Night and Day, You Are the One

See allHide authors and affiliations

Science  01 Apr 2005:
Vol. 308, Issue 5718, pp. 21
DOI: 10.1126/science.308.5718.21a

The hydroxyl (OH) radical is a highly reactive atmospheric component that is involved in many important chemical reactions in the troposphere, particularly the oxidation of organic compounds. One important pathway for OH formation is the photolysis of nitrous acid (HONO), which accumulates in the lower troposphere at night and serves as a significant source of OH radicals in polluted air in the early morning. A daytime source of HONO has been proposed, on the basis of measurements showing higher-than-predicted HONO concentrations during the day.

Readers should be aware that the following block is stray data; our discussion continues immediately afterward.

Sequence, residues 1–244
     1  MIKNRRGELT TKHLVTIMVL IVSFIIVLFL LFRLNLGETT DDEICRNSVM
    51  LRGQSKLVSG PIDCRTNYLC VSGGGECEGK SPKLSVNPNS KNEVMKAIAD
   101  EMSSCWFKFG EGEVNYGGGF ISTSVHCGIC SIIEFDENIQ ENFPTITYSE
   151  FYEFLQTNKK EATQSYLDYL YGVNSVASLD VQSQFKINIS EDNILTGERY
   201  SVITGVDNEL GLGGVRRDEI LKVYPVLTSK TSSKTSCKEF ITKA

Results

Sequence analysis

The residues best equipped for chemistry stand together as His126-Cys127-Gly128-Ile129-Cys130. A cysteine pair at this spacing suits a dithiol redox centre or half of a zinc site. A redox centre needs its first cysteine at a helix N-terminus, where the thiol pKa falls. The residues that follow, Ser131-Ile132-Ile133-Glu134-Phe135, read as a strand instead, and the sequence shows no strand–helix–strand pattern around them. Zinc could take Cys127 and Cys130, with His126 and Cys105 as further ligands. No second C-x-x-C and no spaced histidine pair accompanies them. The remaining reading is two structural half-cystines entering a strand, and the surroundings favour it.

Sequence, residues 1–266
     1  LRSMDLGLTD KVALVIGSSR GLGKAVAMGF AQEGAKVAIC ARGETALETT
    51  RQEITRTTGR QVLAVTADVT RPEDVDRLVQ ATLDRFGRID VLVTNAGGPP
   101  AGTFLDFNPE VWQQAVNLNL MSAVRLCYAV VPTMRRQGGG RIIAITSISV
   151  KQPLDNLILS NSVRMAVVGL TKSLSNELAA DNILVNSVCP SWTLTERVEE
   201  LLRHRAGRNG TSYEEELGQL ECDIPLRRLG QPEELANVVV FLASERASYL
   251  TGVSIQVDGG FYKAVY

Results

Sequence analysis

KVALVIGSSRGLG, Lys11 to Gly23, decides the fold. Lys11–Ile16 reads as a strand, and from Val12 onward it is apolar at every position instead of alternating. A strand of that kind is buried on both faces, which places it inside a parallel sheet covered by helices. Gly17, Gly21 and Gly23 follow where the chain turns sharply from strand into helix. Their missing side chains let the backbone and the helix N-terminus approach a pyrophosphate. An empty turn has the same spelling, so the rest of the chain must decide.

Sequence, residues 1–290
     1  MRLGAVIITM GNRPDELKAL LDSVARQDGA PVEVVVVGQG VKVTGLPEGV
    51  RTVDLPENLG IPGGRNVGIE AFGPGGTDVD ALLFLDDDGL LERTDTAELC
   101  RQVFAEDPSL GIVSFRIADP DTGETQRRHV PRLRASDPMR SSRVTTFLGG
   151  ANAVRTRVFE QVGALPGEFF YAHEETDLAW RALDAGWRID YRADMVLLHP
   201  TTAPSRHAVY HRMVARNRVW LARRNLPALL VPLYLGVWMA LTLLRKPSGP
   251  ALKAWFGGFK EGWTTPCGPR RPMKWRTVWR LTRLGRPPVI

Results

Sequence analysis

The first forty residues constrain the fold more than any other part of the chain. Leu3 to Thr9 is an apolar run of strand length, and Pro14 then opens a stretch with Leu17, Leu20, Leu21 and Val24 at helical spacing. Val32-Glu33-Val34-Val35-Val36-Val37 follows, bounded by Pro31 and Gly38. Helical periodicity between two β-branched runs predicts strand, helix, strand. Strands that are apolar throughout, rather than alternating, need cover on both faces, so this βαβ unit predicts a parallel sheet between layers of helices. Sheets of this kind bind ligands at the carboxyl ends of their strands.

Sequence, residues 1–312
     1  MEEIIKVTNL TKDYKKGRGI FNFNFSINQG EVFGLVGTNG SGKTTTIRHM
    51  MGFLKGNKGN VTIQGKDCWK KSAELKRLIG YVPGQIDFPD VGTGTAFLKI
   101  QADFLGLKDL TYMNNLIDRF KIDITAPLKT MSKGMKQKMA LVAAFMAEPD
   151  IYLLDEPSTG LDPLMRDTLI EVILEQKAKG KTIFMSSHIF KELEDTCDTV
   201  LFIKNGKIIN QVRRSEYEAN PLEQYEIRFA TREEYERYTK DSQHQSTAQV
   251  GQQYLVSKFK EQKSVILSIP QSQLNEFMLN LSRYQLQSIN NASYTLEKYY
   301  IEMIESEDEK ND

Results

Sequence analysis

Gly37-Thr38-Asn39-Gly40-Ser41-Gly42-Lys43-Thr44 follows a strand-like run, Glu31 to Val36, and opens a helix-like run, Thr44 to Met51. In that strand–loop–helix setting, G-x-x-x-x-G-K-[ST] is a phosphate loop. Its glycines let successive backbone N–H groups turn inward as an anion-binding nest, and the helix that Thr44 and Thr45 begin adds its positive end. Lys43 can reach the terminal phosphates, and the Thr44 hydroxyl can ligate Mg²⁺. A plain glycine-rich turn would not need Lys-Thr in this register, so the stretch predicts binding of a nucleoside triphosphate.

Kleffmann et al. now report direct measurements of nitrous acid and hydroxyl radicals in the atmosphere at a forest site in Jülich, Germany. Their results establish the existence of an efficient daytime formation process for HONO, because they also measured the photolysis frequency of HONO, the other parameter needed to assess the size of the daytime HONO source. They conclude that HONO contributes substantially to the local primary OH production and that it may have an important influence on the oxidation of biogenic volatile organic compounds emitted by the forest. — HJS

Geophys. Res. Lett. 32, 10.1029/2005GL022524 (2005).

Navigate This Article